Bars and coffee shops are the real patient portals. These are the watering holes for the warriors- the patients and the caregivers- to assemble and collect their emotions. Here, the pep talks happen. The fears and aspirations are relayed. The hugs are handed out a little more freely. The tears are dried if necessary. God is there, as these women proved to me this week.

Lucky for me, I’m always thirsty. Something tells me I’ll be back soon.

To SuperMom and SuperCoffeeShopEmployee, this blog post goes out to you. You are both inspirations. Thank you…

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Beginning of the End(o)

This week my endocrinologist is transitioning to a different medical office which is, realistically, too far away for me to travel to for future appointments.  This endo not only is a kind, non-judgmental doctor, but in my head she is dubbed as the “Basal Insulin Wizard.”  She has a knack for knowing which little adjustments need to be made to prevent or to fix huge problems.  She also deals with an inundation of emails in her inbox, mostly from me.  I pride myself on being an engaged patient, but I also understand that doctors do not have much time in the day to get everything done for every patient.

A few months ago I asked her, “Do your other patients email you like this?”

“Not really…” she replied.

And then we both had to take a moment to compose ourselves through a mutual fit of giggling.  Without saying much, we both totally got it.

I am intense in my emails, but I am also fighting for my health.  I appreciate a doctor who recognizes that and works with me.  Current Endo has done that, and I will miss the comfortable relationship we have built over the past few years.  Her new patients are blessed to have her on their team.

So, what am I going to do now?

I’ll tell you what I should have done: started searching for a new endo a few months ago when I was first told of Current Endo’s impending departure.  She gave me a few recommendations for a new endo at that time, and my nurse proclaimed, “If I were a type one diabetic, I would definitely get treated by _____!”  Naturally, I should have then booked an appointment with Endo _____.

But I didn’t.  Perhaps it was a bit of diabetes burn out, and I must now own that.  Perhaps it was a bit of denial that Current Endo was leaving.  Perhaps it was the fact that from a practical sense, I am tired of commuting many hours roundtrip for my diabetes care, albeit I feel strongly about the top-notch care I receive in Boston.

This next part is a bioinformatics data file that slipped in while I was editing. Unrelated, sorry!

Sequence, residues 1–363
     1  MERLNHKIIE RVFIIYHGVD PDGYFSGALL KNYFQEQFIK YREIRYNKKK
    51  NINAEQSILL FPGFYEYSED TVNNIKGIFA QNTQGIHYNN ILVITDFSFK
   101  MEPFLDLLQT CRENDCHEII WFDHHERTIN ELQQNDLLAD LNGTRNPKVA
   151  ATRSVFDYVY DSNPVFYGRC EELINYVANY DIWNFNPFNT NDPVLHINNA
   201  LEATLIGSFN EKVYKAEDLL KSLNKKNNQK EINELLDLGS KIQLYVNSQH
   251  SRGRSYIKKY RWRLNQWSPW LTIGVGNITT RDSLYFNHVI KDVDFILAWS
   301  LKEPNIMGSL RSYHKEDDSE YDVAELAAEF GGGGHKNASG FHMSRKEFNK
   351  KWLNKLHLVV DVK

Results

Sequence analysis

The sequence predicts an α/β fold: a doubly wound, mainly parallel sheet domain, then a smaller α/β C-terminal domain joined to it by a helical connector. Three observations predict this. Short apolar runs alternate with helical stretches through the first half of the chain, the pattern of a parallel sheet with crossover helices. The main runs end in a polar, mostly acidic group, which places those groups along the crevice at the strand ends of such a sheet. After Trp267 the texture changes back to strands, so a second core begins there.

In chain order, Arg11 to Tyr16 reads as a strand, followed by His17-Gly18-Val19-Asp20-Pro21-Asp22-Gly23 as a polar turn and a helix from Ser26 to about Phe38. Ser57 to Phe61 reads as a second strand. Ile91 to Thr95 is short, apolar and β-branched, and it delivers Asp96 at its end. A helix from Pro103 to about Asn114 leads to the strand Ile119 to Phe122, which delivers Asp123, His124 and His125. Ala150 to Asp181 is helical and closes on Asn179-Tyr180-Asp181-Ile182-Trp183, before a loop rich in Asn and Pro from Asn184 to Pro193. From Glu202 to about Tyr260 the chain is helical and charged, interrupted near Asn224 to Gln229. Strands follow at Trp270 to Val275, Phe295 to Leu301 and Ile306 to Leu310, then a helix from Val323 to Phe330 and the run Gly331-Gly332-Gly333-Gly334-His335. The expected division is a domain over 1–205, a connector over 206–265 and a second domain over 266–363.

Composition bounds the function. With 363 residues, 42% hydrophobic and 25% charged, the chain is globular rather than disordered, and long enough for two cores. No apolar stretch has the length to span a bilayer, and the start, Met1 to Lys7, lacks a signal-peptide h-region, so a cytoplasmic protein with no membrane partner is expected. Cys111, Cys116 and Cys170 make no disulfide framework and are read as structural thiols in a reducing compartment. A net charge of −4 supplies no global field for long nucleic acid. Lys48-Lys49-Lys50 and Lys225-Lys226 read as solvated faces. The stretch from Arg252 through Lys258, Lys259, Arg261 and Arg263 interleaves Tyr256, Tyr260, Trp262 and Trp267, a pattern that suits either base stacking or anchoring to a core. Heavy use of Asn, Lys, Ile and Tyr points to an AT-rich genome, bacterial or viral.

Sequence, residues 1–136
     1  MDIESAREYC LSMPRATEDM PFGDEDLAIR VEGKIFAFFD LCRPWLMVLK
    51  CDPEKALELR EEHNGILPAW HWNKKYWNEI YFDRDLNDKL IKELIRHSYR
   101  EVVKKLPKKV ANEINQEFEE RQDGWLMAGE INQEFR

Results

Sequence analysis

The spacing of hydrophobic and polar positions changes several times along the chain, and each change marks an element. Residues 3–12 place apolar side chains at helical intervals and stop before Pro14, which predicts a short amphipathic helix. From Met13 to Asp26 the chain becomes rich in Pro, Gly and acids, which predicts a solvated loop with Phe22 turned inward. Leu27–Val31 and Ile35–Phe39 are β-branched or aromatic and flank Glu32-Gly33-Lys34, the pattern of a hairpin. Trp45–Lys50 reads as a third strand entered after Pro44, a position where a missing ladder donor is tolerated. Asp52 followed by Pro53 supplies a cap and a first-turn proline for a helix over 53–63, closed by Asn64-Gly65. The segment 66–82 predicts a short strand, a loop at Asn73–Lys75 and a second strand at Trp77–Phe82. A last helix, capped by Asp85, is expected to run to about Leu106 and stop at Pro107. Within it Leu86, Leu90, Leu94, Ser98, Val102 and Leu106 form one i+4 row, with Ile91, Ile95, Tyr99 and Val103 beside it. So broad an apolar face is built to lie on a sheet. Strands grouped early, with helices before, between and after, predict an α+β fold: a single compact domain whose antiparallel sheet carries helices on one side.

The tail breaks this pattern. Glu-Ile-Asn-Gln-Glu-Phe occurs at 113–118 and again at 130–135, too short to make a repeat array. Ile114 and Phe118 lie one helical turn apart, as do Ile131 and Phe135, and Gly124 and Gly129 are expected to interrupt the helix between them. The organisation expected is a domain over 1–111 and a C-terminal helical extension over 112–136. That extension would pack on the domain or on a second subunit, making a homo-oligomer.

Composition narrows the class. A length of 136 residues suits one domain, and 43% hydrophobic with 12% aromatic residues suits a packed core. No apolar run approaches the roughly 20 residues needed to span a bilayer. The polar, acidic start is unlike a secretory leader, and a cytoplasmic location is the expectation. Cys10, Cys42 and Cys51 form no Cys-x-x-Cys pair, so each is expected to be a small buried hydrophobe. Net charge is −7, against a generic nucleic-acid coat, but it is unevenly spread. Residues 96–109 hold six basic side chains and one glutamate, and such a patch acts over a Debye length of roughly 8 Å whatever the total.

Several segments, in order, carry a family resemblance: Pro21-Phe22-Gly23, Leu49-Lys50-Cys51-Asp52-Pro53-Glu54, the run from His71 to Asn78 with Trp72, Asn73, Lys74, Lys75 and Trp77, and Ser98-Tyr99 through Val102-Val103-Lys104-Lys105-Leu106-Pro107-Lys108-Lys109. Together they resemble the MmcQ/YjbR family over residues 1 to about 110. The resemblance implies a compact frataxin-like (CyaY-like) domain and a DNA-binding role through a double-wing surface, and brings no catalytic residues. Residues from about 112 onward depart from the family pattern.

All I can do now is make a plan.  I will pick up the phone and schedule a new endo appointment this week.  Diabetes doesn’t take a vacation, and it certainly doesn’t care that my endo is switching offices.  I will rely heavily on my nurse during this transition period while I wait to meet my new endo.  This situation makes me so thankful for a nurse who is willing to put in the extra effort to help me to stay well.  She will rise to the occasion, and now I must do so, too.

New Endo will not replace the relationship- and possibly not the same skills- as Current Endo represents for me.  And that is okay.  People are inherently different in their attributes, and I am optimistic that whatever my relationship may become with the New Endo, it will be its own unique entity with positive results.  I must be thankful for the calm guidance of Current Endo, and I will remember her for that.

Warming up to New Endo may take some time.  I am a patient highly involved in my own care, and I’ve also made many major changes in my courses of treatment this year (Dexcom CGM, returning to multiple daily injections versus insulin pumping, and taking much larger insulin doses).  This is a lot of information for all of us to process, and sometimes the road may not be free of bumps.

For now, we’re just going to ride with it.

Pros and Cons, Do’s and Don’ts, X’s and O’s

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I could write a 200-page manifesto about the ups and downs of 2014 while insulin pumping and then transitioning to shots, but for the sake of not straining our eyes by reading a mile-long exhaustive blog post, here are some main points worthy of highlighting:

Pros of Shots:

  • I know with certainty that insulin is getting into me.  A reliable insulin delivery mechanism is something that I will never take for granted again.  There is something to be said for a good, old-fashioned jab with a syringe.  Plus, ketones have packed up and moved out for now.
  • The mental relief that this offers is difficult to articulate.  We are slowly but surely building back trust: a trust in insulin that it will do its job, a trust in eating a nutritious meal and knowing that insulin in my body will cover that food, a trust that I will not wake up in the middle of the night in a ketonic state, and- frankly and in violation of the “double negatives rule”- a trust that I will not not wake up one day due to ketones.